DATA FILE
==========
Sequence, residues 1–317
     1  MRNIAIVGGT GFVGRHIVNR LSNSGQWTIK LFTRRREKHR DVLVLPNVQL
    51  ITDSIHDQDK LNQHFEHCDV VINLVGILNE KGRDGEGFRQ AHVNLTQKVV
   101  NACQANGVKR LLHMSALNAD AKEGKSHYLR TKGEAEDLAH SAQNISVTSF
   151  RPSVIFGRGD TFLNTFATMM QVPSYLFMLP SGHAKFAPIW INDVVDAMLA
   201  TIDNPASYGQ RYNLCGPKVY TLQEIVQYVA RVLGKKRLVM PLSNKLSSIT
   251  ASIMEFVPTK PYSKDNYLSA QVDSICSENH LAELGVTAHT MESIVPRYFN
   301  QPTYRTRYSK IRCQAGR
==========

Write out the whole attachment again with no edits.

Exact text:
Sequence, residues 1–317
     1  MRNIAIVGGT GFVGRHIVNR LSNSGQWTIK LFTRRREKHR DVLVLPNVQL
    51  ITDSIHDQDK LNQHFEHCDV VINLVGILNE KGRDGEGFRQ AHVNLTQKVV
   101  NACQANGVKR LLHMSALNAD AKEGKSHYLR TKGEAEDLAH SAQNISVTSF
   151  RPSVIFGRGD TFLNTFATMM QVPSYLFMLP SGHAKFAPIW INDVVDAMLA
   201  TIDNPASYGQ RYNLCGPKVY TLQEIVQYVA RVLGKKRLVM PLSNKLSSIT
   251  ASIMEFVPTK PYSKDNYLSA QVDSICSENH LAELGVTAHT MESIVPRYFN
   301  QPTYRTRYSK IRCQAGR